5.2 The damages assessment hearing in Suit No. 1116 of 1996 took place in the following circumstances : the hearing took place as part of several assessment hearings in other actions which came on for trial with unparalleled rapidity. Mr. Tang was severely prejudiced in his ability to prepare his case. He wished to be represented at the hearing by English Queen’s Counsel versed in defamation law. Accordingly he applied for an adjournment of the hearing date of 5 May 1997 ( of which short notice had been given) so as to enable his counsel to appear. The solicitor then acting for Mr. Tang, Major Peter Cuthbert Low, told the Judge he lacked the experience and knowledge to represent Mr. Tang effectively. The application was refused by the Judge.

5.3 This unfairness to Mr. Tang was compounded by the fact that, because the proceedings had been called on with such unprecedented speed, the voluminous trial bundles, running to thousands of pages, were not served by the Plaintiffs’ numerous firms of lawyers until the first day of the hearings, namely 5 May 1997.

5.4 In consequence of the foregoing, Mr. Tang was effectively unrepresented at the hearings which potentially (and in the event) involved a huge exposure in terms of damages and costs.

5.5 The Judge’s analysis of the evidence admissible on the quantum of damages is deeply flawed both by inclusion of inadmissible material and the omission of material facts. Thus the Judge omitted to mention

(i) the modest circulation and influence of the magazine in question;

(ii) the mitigating fact that a handsome apology had been published and therefore communicated to those who read the original libel;

(iii) the fact that the Plaintiffs are politicians and therefore should be used to public criticisms and well able to defend themselves through the media;

(iv) the preposterously high level of the awards of damages in the parallel suits, which (apart from their punitive effect on Mr. Tang meant that the present Plaintiffs are being grossly over-compensated).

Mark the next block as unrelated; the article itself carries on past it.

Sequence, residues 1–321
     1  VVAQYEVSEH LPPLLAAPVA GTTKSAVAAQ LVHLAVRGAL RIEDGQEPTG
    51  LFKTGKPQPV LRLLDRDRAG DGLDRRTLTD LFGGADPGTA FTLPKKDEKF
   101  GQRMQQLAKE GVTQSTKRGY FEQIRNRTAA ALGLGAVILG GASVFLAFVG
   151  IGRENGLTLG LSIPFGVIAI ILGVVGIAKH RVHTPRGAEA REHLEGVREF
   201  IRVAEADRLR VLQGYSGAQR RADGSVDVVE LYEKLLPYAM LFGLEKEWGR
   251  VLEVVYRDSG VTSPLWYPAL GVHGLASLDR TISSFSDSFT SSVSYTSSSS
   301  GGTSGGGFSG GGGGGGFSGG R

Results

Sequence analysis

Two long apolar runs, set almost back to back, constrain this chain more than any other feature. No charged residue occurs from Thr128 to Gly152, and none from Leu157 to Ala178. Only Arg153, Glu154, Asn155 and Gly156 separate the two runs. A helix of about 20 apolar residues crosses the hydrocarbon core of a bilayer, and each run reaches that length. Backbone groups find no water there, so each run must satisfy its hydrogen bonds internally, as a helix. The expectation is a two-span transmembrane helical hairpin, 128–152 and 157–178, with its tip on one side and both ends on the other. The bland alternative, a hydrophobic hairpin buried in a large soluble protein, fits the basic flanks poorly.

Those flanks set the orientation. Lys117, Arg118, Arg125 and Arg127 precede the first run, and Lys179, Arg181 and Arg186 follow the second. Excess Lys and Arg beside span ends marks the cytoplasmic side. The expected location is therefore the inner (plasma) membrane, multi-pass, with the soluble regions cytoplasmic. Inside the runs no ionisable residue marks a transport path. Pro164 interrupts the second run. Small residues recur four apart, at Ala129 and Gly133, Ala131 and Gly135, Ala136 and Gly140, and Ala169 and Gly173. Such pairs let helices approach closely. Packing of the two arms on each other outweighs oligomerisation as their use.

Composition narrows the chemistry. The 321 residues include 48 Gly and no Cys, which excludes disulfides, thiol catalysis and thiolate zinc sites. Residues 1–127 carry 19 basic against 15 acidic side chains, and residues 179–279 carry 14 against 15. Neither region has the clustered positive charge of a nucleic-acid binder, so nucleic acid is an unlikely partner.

5.6 Plaintiffs in defamation actions are required to plead any matters sought to be relied on in aggravation of damages. In paragraph 97, 98, 99, 101 and 102 the Judge prayed in aid matters which had not been pleaded. The last two sentences of paragraph 101 contain a non-sequitur.

5.7 The judgment contains a serious error of principle: although the Judge made passing reference in paragraph 21 to the fact that the other Defendants had settled the Plaintiffs’ claim against them on payment of S$900,000 damages, when he comes to assess the damages of Mr. Tang, the Judge does not (at least expressly) give credit or otherwise allow for the fact of the recovery from the other Defendants. In accordance with principle and with section 16 of the Defamation Act, the Judge should have found that the Plaintiffs had been fully compensated by the damages paid under the settlement agreement with the other Defendants.

5.8 Further the Judge’s summary of the law regarding the quantification of damages in defamation in paragraphs 75 to 84 is gravely deficient with the result that he misdirected himself and awarded damages on an entirely erroneous basis.

5.9 The judge wholly ignores the guidance given by appellate courts in England and Australia as to the assessment of damages in the following cases in particular :

Rantsen vs. Mirror Group (1994) QB 670

Carson v. John Fairfax (1993) 67 AJLR 634 and

John v. MGN (1996) 2 All ER 35

These cases all stress the vital importance that awards in defamation cases bear a rational relationship with awards in other fields (eg. personal injuries) and the danger that disproportionately high awards interfere with constitutional rights to freedom of expression. All earlier authorities have to be read in the light of these guideline cases.


5.10 The Judge awarded the Senior Minister S$550,000 in addition to the S$450,000 already paid by the other Defendants and he awarded the Deputy Prime Minister S$500,000 in addition to the S$450,000 already paid to him. These awards are unjust, grossly excessive and out of all proportion to the harm done to the Plaintiffs by the words spoken by Mr. Tang.

5.11 It is submitted that the awards should be set aside.

 

Signed on behalf of the Appellant )

 

 

IN THE COURT OF APPEAL OF THE REPUBLIC OF SINGAPORE


Civil Appeal No. 64 of 1997


Between

 
TANG LIANG HONG
(NRIC No. S1096110/F)

... Appellant
 

And
 

1. LEE KUAN YEW
(NRIC No. S0000003/E)

2. LEE HSIEN LOONG
(NRIC No. S0016646/D)

... Respondents

 
In the Matter of Summons-in-Chambers Entered No. 1536 of 1997 in Suit No. 1116 of 1996 


Between


1. LEE KUAN YEW
(NRIC No. S0000003/E)

2. LEE HSIEN LOONG
(NRIC No. S0016646/D)

... Plaintiffs
 

And

1. TANG LIANG HONG
(NRIC No. S1096110/F)

2. YAU LOOP POON
(ID No. not known)

3. MING PAO MAGAZINES LIMITED
(HONG KONG RC No. 175907)

4. DAI NIPPON PRINTING COMPANY (HK) LTD.
(HONG KONG RC No. 10077)

5. TEO SIEW HAR
(NRIC No. S0531156/Z)

... Defendants

 
__________________________________________________
 

STATEMENT OF CASE FOR THE APPELLANT

__________________________________________________

TANG LIANG HONG

1 COLOMBO COURT

#09-22

SINGAPORE 179742

TEL : (65) 3372371

FAX: (65) 3372035

  

Filed this day of July, 1997.